November 09, 2006

Friday, 11/10

NYS 13:05 for the crossword portion, 7:33 for the -oku
NYT 7:54
10/27 CHE 5:47
LAT 4:19
CS 3:48

Reagle tba
WSJ 6:59

(post updated 9:50 a.m. Friday)

The Wordplay DVD arrived today! Imagine my surprise when I popped it into the DVD player, fast-forwarded past the previews, reached the main menu, looked at the short video clips looping above the menu—and saw myself. Yes, the Fateful Curtsy not only didn't get cut from the film, but it also garners me a spot on the main menu. From the standpoint of hoovering up attention, that curtsy turned out to be the savviest inexplicable thing I've ever done. "Hi, I'm a dork. Have you seen my movie?"

The movie itself...well, what's left to say after the tenth viewing of anything? But the special features! Extra interview footage with the famous people—I watched only my favorites, Jon Stewart and Bill Clinton; Bill Clinton became so much more animated when he was talking about his friend (and mine!) Vic Fleming. More pre-tournament footage of the Stamford legends—highlight for me: Ellen's interesting discussion of puzzles and the Peter Pan syndrome. Remember that great song Gary Louris wrote for the closing credits, "Every Word"? There's a music video of it which I believe is not in heavy rotation on MTV, but/and I love, love, love that song. Another bonus section includes a few video segments from the Sundance Film Festival, which made me terribly nostalgic for that mellow but adrenaline-filled five-day trip (and gave me a few more seconds to appear on my own TV screen). My son enjoyed it, too—he knows a few of the people in the movie, and although he hasn't met Will Shortz, he recognizes him. I think he finds his name to be most memorable.

But did you navigate here just for a self-absorbed DVD review? No. Crosswords! My favorite Monday constructor, Lynn Lempel, shows some impressive themeless chops with the Friday NYT. It felt like a hard puzzle to me, but some other solvers have demonstrated that it's about average Friday difficulty, so I don't know what my problem was. Cool-looking grid, with that diagonal stretch of black squares giving a wide-open feeling. Great fill—BLOG crossing RINGTONE crossing CRIME LAB is au courant, and CRENELED in that section, au old castle. I got slowed down by trying ATONIA for ATAXIA ([Loss of muscle coordination]), which enticed me to try END where AXE belonged, which kept me from filling in BOGART and just generally bollixed up that section for a while. In the opposite corner, I opted for STAINS instead of SMEARS, similarly bogging me down (Ach! Two medically themed words that I was wrong on. The shame...) Also, when Paul RUDD is such a cutie, why go for NASCAR's Ricky RUDD in the clue? (I hate NASCAR.) Entertaining clues and fill overall (except where they vexed me)—ODD SOCKS (I have a collection of about eight odd socks that have accumulated now—where the hell are their mates?), [Touched] for DAFT (why did I try ALIT there??), [Spot for a date] for PALM TREE, [Fierce fighter] for BEARCAT (I would dearly love to be the bearcat of Stamford...but I could do without the bearcat's communication style), DEAR READER, SCRABBLE, SCRUB UP. Good crossword—I just wish I hadn't gotten my butt kicked on it.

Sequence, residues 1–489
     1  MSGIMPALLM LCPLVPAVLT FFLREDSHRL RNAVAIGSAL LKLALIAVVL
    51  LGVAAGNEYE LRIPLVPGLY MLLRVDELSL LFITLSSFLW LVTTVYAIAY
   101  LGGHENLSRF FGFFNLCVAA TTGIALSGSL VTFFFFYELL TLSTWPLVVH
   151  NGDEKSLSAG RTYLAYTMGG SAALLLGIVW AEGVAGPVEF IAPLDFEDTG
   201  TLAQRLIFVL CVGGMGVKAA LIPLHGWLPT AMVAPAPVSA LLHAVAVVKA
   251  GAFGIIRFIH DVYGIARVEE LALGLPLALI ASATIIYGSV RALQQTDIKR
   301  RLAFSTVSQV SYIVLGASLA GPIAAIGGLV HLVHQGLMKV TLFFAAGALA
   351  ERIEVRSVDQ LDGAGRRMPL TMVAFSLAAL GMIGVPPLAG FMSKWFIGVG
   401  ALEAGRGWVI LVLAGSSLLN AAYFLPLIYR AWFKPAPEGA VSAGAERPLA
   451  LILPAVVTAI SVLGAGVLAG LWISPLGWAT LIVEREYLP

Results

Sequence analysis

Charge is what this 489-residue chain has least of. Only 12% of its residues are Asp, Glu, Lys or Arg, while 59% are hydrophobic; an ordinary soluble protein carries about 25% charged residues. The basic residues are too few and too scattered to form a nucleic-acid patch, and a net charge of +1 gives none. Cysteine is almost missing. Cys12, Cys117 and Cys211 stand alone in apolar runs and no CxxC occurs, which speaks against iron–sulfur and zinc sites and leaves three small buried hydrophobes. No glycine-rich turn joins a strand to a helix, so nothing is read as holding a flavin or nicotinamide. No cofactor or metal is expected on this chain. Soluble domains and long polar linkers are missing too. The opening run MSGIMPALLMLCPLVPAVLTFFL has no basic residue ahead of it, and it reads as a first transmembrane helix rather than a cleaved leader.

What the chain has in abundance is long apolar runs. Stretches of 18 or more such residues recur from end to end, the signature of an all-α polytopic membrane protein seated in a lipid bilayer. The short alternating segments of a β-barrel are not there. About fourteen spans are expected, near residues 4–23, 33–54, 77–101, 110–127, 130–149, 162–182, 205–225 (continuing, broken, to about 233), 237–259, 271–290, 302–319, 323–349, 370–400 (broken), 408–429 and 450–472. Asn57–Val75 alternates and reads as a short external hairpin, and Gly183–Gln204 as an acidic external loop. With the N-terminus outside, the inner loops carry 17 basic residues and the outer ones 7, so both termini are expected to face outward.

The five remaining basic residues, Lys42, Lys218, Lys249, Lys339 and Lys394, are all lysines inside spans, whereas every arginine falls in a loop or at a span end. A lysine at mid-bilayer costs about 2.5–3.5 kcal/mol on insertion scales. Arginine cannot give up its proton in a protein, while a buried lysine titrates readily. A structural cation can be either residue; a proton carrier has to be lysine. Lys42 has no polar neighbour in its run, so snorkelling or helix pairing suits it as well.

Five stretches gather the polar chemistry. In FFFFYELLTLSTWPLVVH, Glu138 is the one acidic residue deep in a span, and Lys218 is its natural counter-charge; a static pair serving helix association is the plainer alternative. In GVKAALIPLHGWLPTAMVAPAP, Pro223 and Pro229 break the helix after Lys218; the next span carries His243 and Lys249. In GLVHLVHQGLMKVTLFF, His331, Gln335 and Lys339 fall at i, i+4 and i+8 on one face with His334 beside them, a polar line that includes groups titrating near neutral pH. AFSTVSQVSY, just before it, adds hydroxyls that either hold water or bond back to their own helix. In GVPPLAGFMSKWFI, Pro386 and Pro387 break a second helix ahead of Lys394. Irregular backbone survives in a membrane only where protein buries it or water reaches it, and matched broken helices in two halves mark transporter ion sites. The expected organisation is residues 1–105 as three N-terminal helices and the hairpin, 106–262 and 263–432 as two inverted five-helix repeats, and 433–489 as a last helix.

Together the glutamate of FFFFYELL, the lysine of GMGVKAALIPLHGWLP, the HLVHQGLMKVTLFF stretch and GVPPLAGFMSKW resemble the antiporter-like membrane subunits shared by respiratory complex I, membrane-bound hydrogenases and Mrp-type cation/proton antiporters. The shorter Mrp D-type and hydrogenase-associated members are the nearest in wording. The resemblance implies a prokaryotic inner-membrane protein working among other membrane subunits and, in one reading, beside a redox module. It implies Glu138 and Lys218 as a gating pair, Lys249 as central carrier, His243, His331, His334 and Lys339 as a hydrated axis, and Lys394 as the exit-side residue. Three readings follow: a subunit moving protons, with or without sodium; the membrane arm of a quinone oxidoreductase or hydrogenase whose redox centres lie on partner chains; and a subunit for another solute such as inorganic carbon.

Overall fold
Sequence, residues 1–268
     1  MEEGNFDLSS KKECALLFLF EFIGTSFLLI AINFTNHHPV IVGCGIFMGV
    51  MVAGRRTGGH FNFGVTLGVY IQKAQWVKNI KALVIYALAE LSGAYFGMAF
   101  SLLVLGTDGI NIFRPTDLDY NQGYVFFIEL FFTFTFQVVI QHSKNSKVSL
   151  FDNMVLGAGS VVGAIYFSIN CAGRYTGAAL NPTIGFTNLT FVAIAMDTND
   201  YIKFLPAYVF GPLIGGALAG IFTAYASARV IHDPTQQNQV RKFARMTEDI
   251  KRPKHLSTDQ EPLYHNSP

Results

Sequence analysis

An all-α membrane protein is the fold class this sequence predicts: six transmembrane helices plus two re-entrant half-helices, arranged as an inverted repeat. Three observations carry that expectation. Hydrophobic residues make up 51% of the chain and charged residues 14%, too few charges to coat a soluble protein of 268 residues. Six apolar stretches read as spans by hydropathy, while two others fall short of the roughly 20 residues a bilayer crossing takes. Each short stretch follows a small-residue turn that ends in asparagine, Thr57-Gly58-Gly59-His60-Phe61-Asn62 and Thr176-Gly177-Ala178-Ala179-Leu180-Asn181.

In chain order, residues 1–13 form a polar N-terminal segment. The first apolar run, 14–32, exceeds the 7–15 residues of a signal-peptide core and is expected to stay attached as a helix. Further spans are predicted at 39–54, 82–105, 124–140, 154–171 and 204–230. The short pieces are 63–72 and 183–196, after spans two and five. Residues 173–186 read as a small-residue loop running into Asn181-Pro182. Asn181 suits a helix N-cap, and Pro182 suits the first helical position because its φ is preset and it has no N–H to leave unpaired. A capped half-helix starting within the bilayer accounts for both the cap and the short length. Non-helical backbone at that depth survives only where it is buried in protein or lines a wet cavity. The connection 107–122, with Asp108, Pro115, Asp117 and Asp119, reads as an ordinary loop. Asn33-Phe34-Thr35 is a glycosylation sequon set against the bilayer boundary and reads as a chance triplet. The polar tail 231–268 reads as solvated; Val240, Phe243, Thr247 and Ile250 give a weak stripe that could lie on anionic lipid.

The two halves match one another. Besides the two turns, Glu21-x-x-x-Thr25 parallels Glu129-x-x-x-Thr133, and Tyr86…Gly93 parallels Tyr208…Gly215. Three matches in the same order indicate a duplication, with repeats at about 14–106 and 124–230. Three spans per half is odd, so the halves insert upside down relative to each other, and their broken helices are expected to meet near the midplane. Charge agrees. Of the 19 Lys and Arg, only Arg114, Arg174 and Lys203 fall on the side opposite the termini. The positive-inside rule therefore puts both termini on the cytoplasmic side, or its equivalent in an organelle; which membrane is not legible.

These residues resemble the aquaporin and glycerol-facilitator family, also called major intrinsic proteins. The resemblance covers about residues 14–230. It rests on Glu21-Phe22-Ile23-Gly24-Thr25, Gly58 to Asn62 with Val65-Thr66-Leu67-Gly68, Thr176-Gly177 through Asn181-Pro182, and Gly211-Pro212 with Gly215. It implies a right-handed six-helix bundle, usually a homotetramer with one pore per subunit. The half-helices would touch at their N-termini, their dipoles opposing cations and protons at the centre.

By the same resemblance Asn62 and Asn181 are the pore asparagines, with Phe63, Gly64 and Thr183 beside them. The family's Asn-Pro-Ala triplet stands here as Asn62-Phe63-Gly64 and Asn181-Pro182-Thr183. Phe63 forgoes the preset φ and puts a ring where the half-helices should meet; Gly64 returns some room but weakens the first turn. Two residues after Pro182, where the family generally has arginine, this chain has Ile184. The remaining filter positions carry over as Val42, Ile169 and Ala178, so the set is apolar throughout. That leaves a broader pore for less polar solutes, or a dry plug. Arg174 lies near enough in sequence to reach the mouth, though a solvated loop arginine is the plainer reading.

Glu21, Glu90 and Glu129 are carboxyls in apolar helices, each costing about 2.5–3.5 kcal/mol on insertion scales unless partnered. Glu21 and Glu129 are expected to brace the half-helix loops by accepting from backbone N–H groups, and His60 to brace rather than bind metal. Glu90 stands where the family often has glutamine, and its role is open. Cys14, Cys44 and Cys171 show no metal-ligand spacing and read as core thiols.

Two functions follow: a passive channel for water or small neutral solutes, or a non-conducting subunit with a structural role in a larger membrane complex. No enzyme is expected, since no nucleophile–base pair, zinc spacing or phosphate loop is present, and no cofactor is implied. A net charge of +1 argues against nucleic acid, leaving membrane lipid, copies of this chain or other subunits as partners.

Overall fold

The Friday Sun puzzle can't be done in Across Lite. Those of you in New York can buy the paper (if you can bring yourself to spend money on it) or download the PDF file from the Sun site.


I lost time while doing Frank Longo and "Ogden Porter's" "Crosswordoku" puzzle in the Sun—I glossed over the directions where it says, "treating the gray squares as black squares," and my printer printed those grays so light I thought I was contending with unknown word lengths. I loved the whole top left corner, but the rest of the puzzle also had some terrific fill (NO PROBLEM, NO EXCUSE, R-LESS, RATED X) and clues—to name just a handful, [Source of some allergies] for LATEX, [Shooting star, perhaps] for MVP, [Top finisher?] for PEE, [Chocolate and strawberry, e.g.] for COLORS, [Information information: Abbr.] for NOS, [It might have a small window] for ENVELOPE. (Yes, a handful = six. You got a problem with that?) Having done some of Frank's Wordoku book, I was half expecting ORIENTALS to appear in the central -oku grid.

Todd McClary's Chronicle of Higher Education puzzle, "Scrap Papers," includes four 15-letter theme entries and the word XANADU...but it's clued without reference to the classic Olivia Newton-John movie and song. Damn those academics and their fixation on poets in the canon!

Randall Hartman's CrosSynergy crossword includes plenty of old-school fill (AGIO, OLEO, ESTE, EBRO), but the theme is famous people, bears, or clocks that share my son's name, so that's fun. And how often do you encounter someone you've met within a crossword grid? KEN is clued as Ken Jennings, whose blog is a good read.